In the early days of this blog/diary/outlet (whatever it is), I wrote something about implicit bias. The post was titled “Am I biased?” and that serves as the basis for the title of today’s thoughts. My morning ride isn’t very long. I work about six miles from home and don’t hit much traffic on the way. In the past, my morning radio routine was remarkably predictable: NPR’s Morning Edition. Although I haven’t reduced my obsession with politics in the past year, it has taken a toll on me in ways that it hadn’t before, so I’ve spent more of my mornings listening to music, or even listening to the banter of morning radio on top 40 or rock stations. It’s a bit lighter (usually), and gets my day started on a better note. This morning was an NPR morning, and a story about the Cleveland Indians got me thinking.
According to this report, the Cleveland Indians have considered the many complaints about their name and mascot, and have agreed to what seems (to me) like a compromise: they will still be the Cleveland Indians, but the “Chief Wahoo” logo will be removed from the team’s uniforms starting with the 2019 season. As you can imagine, this is a controversial decision. Philip Yenyo, who has been advocating against the logo for decades, told the Washington Post that “they should be commended,” but couched that by pointing out that it’s a “baby step.”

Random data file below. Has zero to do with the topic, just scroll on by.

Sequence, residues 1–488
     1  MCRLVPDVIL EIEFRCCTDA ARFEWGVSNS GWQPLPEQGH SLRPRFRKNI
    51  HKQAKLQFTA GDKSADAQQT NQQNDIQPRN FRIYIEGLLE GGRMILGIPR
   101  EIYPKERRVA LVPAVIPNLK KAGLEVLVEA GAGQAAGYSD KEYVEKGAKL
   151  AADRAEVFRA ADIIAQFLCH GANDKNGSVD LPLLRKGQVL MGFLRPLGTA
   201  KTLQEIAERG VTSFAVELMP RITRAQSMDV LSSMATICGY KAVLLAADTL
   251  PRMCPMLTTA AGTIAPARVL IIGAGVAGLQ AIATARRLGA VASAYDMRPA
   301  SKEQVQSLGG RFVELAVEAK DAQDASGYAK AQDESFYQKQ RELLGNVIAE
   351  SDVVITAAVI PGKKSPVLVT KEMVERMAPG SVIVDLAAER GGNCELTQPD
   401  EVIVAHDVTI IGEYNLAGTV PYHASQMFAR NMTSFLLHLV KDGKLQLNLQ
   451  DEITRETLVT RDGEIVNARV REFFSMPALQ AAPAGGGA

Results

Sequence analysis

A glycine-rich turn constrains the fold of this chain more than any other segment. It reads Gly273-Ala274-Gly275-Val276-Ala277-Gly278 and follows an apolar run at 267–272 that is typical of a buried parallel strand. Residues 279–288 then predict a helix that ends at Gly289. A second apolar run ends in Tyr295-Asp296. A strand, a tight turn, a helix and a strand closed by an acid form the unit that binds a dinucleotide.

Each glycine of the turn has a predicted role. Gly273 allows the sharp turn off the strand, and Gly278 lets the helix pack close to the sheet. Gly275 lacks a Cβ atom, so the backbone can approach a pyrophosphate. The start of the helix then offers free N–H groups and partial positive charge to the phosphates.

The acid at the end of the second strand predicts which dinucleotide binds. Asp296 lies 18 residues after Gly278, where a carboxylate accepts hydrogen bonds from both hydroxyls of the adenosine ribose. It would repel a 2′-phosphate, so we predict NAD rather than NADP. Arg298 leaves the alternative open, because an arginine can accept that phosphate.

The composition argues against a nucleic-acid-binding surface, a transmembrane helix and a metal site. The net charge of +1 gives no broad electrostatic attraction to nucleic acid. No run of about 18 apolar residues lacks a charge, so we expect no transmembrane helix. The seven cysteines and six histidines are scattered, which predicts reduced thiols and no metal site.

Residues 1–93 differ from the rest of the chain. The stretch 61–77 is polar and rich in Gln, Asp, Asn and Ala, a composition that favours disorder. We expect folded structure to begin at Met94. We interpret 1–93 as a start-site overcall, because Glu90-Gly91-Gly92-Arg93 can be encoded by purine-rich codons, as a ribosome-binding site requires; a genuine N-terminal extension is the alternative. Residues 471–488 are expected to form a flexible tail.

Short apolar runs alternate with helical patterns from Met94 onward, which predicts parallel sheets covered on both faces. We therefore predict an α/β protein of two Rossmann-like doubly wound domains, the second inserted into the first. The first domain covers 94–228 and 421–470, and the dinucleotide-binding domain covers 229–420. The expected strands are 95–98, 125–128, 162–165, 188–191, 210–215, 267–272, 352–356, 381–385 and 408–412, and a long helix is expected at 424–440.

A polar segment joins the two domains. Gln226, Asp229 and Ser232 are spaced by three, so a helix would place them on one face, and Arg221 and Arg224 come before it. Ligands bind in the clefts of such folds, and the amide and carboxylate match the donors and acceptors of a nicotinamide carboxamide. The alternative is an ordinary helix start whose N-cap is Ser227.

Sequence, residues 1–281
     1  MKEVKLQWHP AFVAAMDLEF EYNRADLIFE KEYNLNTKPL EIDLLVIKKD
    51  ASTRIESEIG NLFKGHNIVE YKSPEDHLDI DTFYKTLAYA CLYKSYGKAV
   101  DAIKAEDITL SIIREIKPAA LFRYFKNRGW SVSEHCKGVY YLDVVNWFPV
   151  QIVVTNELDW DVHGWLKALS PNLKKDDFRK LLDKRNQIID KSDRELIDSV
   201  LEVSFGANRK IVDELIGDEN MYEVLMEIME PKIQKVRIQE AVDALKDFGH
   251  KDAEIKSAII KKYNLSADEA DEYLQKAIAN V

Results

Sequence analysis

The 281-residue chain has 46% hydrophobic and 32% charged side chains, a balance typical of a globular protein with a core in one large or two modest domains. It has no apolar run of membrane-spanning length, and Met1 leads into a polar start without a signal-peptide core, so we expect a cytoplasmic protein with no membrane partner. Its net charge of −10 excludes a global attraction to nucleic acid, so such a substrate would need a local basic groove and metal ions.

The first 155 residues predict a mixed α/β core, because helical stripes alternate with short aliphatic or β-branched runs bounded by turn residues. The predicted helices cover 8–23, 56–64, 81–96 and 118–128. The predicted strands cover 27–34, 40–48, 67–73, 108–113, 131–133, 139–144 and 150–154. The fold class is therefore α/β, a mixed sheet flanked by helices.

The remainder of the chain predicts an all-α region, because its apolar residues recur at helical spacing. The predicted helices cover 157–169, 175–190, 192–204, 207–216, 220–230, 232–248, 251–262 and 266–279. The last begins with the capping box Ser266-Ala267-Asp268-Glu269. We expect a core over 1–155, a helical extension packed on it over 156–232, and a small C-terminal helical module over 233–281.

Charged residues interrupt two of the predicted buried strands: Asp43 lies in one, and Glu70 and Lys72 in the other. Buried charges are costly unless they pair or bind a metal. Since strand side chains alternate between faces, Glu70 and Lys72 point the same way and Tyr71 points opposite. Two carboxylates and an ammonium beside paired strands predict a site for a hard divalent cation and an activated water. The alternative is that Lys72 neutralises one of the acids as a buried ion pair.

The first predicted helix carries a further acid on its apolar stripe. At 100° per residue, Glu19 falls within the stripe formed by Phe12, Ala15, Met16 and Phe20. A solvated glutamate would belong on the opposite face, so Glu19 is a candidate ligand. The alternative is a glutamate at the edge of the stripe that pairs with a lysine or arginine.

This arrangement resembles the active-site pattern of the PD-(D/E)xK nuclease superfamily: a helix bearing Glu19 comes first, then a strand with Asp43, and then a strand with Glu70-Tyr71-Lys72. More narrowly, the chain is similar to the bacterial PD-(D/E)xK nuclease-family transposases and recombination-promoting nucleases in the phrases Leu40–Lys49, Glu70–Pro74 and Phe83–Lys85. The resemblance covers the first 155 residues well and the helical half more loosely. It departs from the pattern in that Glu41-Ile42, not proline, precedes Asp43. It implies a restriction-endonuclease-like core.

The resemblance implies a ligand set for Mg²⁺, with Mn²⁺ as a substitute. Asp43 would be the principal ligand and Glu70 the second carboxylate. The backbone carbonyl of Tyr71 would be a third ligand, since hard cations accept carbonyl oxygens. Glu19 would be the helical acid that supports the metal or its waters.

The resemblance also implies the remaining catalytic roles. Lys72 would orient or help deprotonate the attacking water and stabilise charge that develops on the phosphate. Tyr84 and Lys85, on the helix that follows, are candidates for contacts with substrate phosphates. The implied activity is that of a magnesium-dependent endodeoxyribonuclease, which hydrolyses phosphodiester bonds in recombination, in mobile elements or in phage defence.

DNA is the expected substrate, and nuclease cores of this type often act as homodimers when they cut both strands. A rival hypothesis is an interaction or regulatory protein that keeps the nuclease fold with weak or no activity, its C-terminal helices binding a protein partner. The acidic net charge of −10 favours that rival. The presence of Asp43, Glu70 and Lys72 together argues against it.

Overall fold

But others are less pleased with the decision, and one who was interviewed in the NPR report defends the “Chief Wahoo” by saying that there are worse examples out there (pointing to the Washington Redskins). Another person interviewed says that there’s nothing wrong with the logo. “It was just always been our symbol, just like bears, cats, dogs, anything else. I never really took it any other way.”
Our reaction to these kinds of things can be really telling. Here’s this woman, who lived with “Chief Wahoo” her whole life, and because it wasn’t clear that it was offensive to her then, it shouldn’t be offensive now. It made me try to think of times that I’ve learned that I’ve been doing something wrong for a long time, and how I react to it. In some cases, it’s an embarrassing error and I fix it to avoid future embarrassment (and I’m grateful to whomever corrected me). There’s a great episode of This American Life called “A little bit of knowledge” about things like this. Act two talks about all kinds of things that people grew up thinking, then learned how wrong they were later in life. Like thinking that animal crossing signs were “zing” signs (mistakenly thinking that “Xing” was a word, not short for “crossing”). My own examples include thinking that “asterix” was pronounced “astricks” and not realizing I was wrong until my mid twenties when I pondered out loud, with a better educated friend, what the plural of a word like that would be. There are others, but I don’t feel the need to pile on myself right now, I’ll leave that to others.